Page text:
I'm sure there was a time when some companies put their focus solely on their employees, their ideals and their goals. But in today's business arena, we seem to have tons of one-trick-pony start-ups. They launch their companies with one goal in mind, to simply trot after profits. Some call the 80s the decade of excess, but I believe we lost more during that time than we gained. People did things like buy DeLoreans and build houses too large, even for The Dugger Family. And then, it ended. The Baby Boomers found out the hard way that companies see them as property– soft goods to be acquired, used and put into the Goodwill box when they were done with them. Fast forward and today, nobody even gets a golden parachute anymore.

 

The folks born after 1960 are under no illusions. They grew up seeing their parents toil loyally for a company for years, only to be downsized unceremoniously en masse. Those born post 1960 and now all grown-up, use employers just like the employers use them. A means to an end and that end is money. I don't think Gen Xers, Millennials, and Gen Yers are slackers. I know. I know. We all have stories of working with seemingly, entitled young coworkers, who are sloppy, lazy, and put in just enough to get by, if that. Honestly, they are realists. They are the result of all the Gordon Gekkos of the world. Greed is not good. It wasn’t good when Mr. Potter tried to sabotage good ole’ George Bailey and his debt-free Building & Loan in “It’s a Wonderful Life” and it ain’t good now. Greed is what can turn a once-thriving company into carrion for buzzards when its leader dies and heartless investors take over.

 

Let me just say this straight with no chaser. As a leader, if you aren't exhibiting passion, nurturing staff and leaving a clear plan for your team, your company will most likely not survive without you. In fact, it probably won’t survive period.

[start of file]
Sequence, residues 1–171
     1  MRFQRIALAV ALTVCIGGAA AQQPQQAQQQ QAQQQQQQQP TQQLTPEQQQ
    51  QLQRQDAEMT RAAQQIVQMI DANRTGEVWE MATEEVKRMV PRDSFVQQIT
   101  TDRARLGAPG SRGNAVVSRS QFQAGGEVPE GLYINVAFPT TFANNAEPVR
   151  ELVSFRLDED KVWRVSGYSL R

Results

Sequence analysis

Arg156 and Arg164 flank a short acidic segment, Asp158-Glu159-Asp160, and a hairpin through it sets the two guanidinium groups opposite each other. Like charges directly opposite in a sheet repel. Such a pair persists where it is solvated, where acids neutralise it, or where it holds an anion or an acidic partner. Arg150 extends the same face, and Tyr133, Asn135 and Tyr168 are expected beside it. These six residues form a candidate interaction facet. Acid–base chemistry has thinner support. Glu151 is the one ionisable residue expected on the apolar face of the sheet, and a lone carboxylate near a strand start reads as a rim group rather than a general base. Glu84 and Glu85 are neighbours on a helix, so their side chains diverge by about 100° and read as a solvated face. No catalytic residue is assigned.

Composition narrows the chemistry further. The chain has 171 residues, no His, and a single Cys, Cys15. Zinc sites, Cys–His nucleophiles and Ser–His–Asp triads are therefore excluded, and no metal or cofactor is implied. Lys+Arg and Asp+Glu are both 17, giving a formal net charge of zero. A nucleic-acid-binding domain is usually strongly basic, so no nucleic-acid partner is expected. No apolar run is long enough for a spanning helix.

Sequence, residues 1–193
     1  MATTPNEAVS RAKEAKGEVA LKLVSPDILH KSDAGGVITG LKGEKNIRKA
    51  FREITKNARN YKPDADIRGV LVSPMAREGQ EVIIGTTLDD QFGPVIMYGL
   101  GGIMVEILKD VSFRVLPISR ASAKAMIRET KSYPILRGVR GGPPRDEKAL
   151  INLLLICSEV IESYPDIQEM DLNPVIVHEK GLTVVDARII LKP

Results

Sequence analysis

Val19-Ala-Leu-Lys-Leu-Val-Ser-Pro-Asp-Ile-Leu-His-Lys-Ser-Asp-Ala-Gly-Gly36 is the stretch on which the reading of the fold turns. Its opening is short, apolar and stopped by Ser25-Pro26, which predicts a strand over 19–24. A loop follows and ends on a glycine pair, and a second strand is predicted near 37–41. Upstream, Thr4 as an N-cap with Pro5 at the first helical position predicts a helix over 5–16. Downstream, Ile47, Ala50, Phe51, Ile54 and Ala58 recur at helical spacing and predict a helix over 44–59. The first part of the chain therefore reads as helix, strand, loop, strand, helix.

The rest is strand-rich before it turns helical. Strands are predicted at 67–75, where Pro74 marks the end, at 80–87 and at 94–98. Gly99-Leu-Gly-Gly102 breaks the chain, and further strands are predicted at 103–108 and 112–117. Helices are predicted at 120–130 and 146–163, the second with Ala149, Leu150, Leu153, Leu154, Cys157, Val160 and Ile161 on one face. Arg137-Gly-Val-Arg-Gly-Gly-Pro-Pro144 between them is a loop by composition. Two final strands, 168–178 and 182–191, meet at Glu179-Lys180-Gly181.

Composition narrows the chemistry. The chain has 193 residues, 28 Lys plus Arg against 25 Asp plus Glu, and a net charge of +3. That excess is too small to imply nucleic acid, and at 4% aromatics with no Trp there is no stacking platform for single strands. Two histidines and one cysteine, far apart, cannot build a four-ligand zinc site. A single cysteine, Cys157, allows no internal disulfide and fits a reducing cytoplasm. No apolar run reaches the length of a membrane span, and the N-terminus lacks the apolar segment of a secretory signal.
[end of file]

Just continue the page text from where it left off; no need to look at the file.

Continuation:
INVESTMENT. PASSION. HEART. HONESTY. LIGHT.

 

Leaders like Versace, Disney and Jobs hired people who mirrored themselves. They wanted their team to burn the candle at both ends, stay up all night working out solutions even when they didn’t have to and to have passion and joy for what they did. Who L'Wren Scott hired to manage her company will be a fairly decent barometer of her brand’s longevity. If she frontloaded her team with executives who loved her vision, saw the big picture and have the skills to continue without her, than her fashion house will stand on its own, many, many years from now.

 

SOME SWEET, SPICY, SPECIAL SAUCE. . .

 

Successful posthumous leaders are those who daily impart that “special sauce” –– that glow to their team. She brings to work a vision of where the company is headed and a clearly lit path for her leadership team and employees. Does your brand or company communicate your special sauce, not just to your customers, but to your management and frontline staff? If not, that's your business’ fatal flaw.

 

Customers and employees feel it in their bones when a company has that special “ummmff.” That special sauce that says, ‘we have a vision and you can depend on us no matter what.’ Companies with that vibe include, LL Bean, Harley Davidson, Toms and Google. And when customers feel that ummmff, they will stick with you through the good times and through the bad times.

 

BE MUFASA

 

Don’t be a straight line in the circle of life. Give, lead, nurture and be passionate every single day. Do that and you will most likely see profitable benefits long before people start needing to write your epitaph.